Haj pilgrims flock to Mount Arafat to beg forgiveness

November 15, 2010

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(Photo: Haj pilgrims at the Plains of Arafat, 15 Nov 2010/Mohammed Salem)

Millions of Muslims gathered around Mount Arafat, where the Prophet Mohammad delivered his last sermon, to beg for God’s forgiveness on Monday, the spiritual climax of the annual haj pilgrimage. Pilgrims flocked mostly on foot to Arafat, a rocky outcrop in a dusty plain a few kilometers away from Mecca, to pray until sunset. They set up tents where they could, squatted on the side of the road in shelters or stayed at the nearby Namira mosque.

A record of at least 2.5 million pilgrims have come to Saudi Arabia to perform this year’s haj, one of the world’s biggest displays of mass religious devotion. So far, the authorities have reported none of the major problems or disasters that marred the event in previous years, such as building collapses and deadly stampedes caused by overcrowding.

But the sheer number of pilgrims was still a worry for the Saudi government. Around 100,000 security forces have been deployed to the oversee the pilgrimage, security officials said.

“I thank God for sending me to haj but it’s really difficult with so many people here and the heat,” Mohammed Ramzi, a pilgrim from Egypt, said as he cooled off under one of thousands of water sprinklers erected by the authorities against temperatures of up to 40 degrees Celsius. “I’ve just lost a friend in the crowd … but God will give me the strength to perform haj despite the difficulties.”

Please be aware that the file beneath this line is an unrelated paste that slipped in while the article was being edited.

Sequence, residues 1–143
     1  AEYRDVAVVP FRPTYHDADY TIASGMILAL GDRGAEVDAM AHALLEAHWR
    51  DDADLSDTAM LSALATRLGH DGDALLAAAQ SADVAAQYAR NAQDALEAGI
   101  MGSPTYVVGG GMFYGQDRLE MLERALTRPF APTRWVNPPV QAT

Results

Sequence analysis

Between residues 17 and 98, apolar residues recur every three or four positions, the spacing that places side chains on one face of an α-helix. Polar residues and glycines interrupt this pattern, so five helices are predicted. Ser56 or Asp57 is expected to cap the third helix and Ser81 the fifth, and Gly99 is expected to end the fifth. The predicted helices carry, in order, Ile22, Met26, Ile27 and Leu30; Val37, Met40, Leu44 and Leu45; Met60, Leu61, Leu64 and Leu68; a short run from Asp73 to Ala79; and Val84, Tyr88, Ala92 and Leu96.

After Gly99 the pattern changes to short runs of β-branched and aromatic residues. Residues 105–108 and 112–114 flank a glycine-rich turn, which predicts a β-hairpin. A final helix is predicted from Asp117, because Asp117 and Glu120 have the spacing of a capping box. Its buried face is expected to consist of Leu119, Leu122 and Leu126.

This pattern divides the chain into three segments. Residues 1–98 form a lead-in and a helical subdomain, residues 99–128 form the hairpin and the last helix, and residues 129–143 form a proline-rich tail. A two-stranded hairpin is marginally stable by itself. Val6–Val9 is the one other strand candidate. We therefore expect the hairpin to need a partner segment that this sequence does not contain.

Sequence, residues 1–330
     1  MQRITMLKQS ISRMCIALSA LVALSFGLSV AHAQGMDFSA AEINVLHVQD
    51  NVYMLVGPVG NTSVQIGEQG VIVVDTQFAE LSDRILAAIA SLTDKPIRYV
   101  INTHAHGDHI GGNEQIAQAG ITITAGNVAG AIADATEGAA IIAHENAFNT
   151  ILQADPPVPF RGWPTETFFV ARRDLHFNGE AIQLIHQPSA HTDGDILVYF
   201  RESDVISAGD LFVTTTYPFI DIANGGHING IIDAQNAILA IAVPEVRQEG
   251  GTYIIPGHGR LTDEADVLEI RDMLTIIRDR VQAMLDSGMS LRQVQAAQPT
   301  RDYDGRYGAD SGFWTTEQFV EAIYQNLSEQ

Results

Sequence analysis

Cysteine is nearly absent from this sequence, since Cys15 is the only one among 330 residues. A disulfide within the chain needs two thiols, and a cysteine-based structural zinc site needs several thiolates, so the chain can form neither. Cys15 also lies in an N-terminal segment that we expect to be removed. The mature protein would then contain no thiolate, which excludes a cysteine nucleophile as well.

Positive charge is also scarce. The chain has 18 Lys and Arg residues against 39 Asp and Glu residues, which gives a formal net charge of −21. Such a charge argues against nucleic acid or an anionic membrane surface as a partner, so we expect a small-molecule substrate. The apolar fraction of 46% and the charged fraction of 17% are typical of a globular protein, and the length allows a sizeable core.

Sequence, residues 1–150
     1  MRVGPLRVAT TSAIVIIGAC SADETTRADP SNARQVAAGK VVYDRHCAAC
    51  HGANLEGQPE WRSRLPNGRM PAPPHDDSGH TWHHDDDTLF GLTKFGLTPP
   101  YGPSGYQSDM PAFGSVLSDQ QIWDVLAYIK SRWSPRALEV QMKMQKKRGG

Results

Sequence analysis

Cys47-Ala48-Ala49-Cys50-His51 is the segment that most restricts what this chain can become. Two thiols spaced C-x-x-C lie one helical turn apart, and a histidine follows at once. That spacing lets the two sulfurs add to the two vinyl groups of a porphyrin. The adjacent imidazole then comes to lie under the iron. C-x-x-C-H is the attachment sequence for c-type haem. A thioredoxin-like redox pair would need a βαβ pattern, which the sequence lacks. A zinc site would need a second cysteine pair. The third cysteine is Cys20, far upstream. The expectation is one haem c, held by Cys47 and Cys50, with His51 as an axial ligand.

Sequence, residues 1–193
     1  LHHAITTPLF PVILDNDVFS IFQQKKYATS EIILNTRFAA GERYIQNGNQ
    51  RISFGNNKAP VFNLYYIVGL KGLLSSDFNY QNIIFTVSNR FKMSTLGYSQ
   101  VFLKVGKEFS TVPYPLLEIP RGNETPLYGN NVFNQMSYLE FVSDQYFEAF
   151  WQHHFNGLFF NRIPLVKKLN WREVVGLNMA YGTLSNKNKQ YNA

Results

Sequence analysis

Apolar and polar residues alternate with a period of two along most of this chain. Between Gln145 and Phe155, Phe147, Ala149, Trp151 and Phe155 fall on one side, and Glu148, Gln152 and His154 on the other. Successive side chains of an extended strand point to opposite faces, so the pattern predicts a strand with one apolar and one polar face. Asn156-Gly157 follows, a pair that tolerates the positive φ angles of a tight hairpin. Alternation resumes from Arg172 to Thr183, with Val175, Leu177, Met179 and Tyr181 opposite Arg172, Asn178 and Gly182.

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(Photo: Haj pilgrims at the Plains of Arafat, 15 Nov 2010/Mohammed Salem)

“Haj is difficult with the crowds and heat but God will help us,” said Abdulrahman Kado, a pilgrim from Nigeria.

“I praise God for this haj. But it is very difficult this year with so many people. I am a bit worried about the crowds, but I trust in God. It’s very hot but thankfully I have this umbrella,” said Mohammed Idam, a Yemeni labourer from Sanaa. He had an umbrella given to him by a Saudi telco that is handing them out for free to pilgrims.

Helicopters hovered in the air to monitor the stream of pilgrims, while police officers cleared the way for buses on roads thronged with pedestrians, many carrying umbrellas to shield themselves against the sun. Some devotees prostrated themselves in prayer wherever they stood, even on cardboard laid out on the pavement.

“Give way, pilgrim, don’t stand in the way,” policemen told the crowds.

Saudi authorities have made renovations over the past few years to ease the flow of pilgrims inside the Grand Mosque and the disaster-prone Jamarat Bridge that most pilgrims will cross on Tuesday to stone a set of walls. The ritual represents defiance of the devil and commitment to resisting temptation and is the most dangerous part of the haj. In January 2006, 362 people were crushed to death there.

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(Photo: Haj pilgrims at the Plains of Arafat, 15 Nov 2010/Mohammed Salem)

This year the authorities inaugurated a Chinese-built train — part of a $1.8 billion railway project — to carry pilgrims from site to site and ease congestion on the roads.

The five-day haj marks sites that Islamic tradition says the Prophet Ibrahim — biblical patriarch Abraham — visited in Mecca and that Prophet Mohammad established as a pilgrim route 14 centuries ago after removing pagan idols from Mecca.

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